However, the most interesting part of the festival’s history is actually quite recent, as we Chinese very nearly lost this part of our cultural heritage to our duplicitous Korean cousins! The controversy began when South Korea considered internationally registering the holiday as part of their cultural heritage in the mid-aughts. Now it is certainly true that the festival has been a cherished part of Korean culture since it spread from China centuries ago. However, the problem was that much of the Chinese-speaking world had forgotten about it; the PRC – our esteemed representative on the world stage – had basically ignored the tradition. About to be preempted, the Party panicked and rushed to revive the holiday so that China, not Korea or (worse) CHINESE TAIPEI, could claim the festival with UNESCO. We mustn’t blame the Koreans for our own neglect, but they could certainly be less annoying about it. The controversy even led to one of the first great online inter-Asian conflicts with “Zongzi Gate,” when a Korean social media hussy had the gall to educate us on the rules of consuming glutinous rice. No way in dei juk could we let that slide.
Happy Birthday Blessed One! On this date (in the Chinese lunar reckoning) about two and a half-thousand years ago, li’l baby Sakyamuni was born. For those of us in Hong Kong, today has an extra special meaning, as the Buddha’s Birthday was the first real “Chinese” holiday made public following the Handover. Many of us are certainly nostalgic for those strapping British minders, but we have to chide them for never much caring about for our little traditions. Of course, this being Hong Kong, we had to give up one holiday for another. We working women would have been quite happy having a day off for both the Buddha’s and the Queen Mum’s birthdays, but the lou baan wouldn’t have liked that, no sirs!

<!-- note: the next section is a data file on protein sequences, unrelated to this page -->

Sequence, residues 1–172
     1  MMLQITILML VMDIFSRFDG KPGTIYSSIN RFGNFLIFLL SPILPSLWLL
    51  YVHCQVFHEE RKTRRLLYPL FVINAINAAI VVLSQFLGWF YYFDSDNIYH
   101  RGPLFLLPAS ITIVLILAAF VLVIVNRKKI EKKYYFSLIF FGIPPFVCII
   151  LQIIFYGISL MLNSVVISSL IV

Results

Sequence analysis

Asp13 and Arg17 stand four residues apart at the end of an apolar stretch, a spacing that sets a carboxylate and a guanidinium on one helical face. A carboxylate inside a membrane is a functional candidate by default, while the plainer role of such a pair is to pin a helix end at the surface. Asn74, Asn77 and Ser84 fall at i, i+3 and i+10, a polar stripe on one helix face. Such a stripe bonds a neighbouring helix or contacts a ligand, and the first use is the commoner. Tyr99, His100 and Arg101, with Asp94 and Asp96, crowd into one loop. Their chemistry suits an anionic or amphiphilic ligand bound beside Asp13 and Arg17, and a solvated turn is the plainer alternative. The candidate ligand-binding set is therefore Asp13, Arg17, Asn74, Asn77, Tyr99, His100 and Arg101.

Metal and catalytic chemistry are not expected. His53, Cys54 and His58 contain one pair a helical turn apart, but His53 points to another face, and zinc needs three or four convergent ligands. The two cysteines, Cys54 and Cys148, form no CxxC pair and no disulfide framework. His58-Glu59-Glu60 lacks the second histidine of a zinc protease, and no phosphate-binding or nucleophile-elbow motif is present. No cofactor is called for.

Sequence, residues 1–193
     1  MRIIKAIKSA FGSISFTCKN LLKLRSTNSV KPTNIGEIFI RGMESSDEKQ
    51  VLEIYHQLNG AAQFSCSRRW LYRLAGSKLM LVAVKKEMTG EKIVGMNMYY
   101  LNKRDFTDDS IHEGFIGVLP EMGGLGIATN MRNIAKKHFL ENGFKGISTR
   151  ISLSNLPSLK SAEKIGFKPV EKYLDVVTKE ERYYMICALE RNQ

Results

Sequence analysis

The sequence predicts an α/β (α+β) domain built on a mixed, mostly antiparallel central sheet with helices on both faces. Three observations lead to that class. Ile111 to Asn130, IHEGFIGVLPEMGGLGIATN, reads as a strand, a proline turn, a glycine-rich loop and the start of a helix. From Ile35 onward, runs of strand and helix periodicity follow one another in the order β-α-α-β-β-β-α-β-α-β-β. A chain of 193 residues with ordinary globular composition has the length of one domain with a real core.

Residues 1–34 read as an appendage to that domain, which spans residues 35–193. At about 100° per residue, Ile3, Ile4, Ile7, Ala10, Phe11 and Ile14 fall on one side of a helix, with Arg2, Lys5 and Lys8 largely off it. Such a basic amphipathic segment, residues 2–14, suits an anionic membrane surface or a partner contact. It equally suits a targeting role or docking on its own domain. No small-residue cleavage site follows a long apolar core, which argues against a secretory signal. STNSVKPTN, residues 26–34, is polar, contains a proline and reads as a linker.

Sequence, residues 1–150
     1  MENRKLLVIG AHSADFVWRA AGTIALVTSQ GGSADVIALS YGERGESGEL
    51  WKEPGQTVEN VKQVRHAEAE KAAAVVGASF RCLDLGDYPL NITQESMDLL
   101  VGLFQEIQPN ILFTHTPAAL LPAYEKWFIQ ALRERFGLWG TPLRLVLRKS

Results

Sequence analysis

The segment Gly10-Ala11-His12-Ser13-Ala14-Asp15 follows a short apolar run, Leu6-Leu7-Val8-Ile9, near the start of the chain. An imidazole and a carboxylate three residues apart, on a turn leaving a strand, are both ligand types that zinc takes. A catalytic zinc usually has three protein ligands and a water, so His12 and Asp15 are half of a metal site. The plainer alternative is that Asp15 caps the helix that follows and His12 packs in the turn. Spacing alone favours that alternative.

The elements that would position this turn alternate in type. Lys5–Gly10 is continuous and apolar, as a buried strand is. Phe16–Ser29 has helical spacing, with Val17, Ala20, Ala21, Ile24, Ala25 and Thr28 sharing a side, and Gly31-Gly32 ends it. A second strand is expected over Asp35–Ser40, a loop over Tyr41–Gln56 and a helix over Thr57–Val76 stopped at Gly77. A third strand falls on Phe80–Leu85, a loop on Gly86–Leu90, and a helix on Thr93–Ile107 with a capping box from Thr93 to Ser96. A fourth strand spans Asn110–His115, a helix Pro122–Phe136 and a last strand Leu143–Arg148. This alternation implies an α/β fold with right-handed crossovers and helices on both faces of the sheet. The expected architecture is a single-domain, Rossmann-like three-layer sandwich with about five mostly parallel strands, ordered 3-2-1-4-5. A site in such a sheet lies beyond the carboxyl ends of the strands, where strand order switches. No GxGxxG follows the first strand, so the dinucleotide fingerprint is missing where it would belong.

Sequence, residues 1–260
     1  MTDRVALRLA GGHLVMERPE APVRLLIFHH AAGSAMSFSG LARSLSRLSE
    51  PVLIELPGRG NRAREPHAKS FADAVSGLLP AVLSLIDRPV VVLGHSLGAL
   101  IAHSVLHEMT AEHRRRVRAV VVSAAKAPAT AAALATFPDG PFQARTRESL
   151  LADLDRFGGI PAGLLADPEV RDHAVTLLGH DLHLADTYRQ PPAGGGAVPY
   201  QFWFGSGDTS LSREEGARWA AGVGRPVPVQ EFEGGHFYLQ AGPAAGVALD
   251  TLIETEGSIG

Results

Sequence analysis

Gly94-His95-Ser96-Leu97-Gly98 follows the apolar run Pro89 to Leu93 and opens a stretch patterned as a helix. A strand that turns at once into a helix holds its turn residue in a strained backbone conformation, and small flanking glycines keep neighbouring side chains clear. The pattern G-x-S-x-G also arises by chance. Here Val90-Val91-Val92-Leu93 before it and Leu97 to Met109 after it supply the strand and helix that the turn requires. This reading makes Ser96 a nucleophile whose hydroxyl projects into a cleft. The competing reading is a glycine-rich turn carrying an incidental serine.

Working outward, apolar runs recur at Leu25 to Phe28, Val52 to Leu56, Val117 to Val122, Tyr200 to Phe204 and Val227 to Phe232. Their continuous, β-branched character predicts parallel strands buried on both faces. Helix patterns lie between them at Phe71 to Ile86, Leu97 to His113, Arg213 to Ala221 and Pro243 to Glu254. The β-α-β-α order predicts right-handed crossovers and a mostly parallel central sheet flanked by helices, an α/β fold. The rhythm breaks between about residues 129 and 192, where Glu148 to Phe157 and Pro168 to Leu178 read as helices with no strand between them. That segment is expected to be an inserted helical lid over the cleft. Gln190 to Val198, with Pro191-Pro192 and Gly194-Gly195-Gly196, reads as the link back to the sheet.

Besides the usual prayers and incense, we like to bathe the Thus Come One on this day. Some of us will go to temples to help the monk lads pour sacred water over a statue of infant Siddhartha. This is to remember how he came out sideways from his dear mother’s womb not just walking and talking, but giving us the good Dharma to boot! Then he was washed by the sacred waters of the gods (or dragons, as some of us like to think).
While normally a temple soiree, I frankly see no reason to go out (especially these days) if you already have an statue of Mr. Fat gracing your shelf, mantel, dedicated altar space. While it may not be the wee little Prince, there is something undoubtedly meritorious about washing an Amitabha, Guanyin, or even your little laughing Maitreya. Frankly I think it’s a good idea to wash these pint-sized ascetics on other auspicious days too. Can’t be too careful with all the novel viruses going around!
But don’t just pour water over the little guy’s head. Use a cloth and take care to get every nook and cranny! Dirt, grime, and grease has a habit of building up where the nappies can’t reach. For most materials, I’d recommend using a high-quality chamois and water mixed with a teensy bit of dish soap. Bleach has its uses but we really don’t recommend it in this case.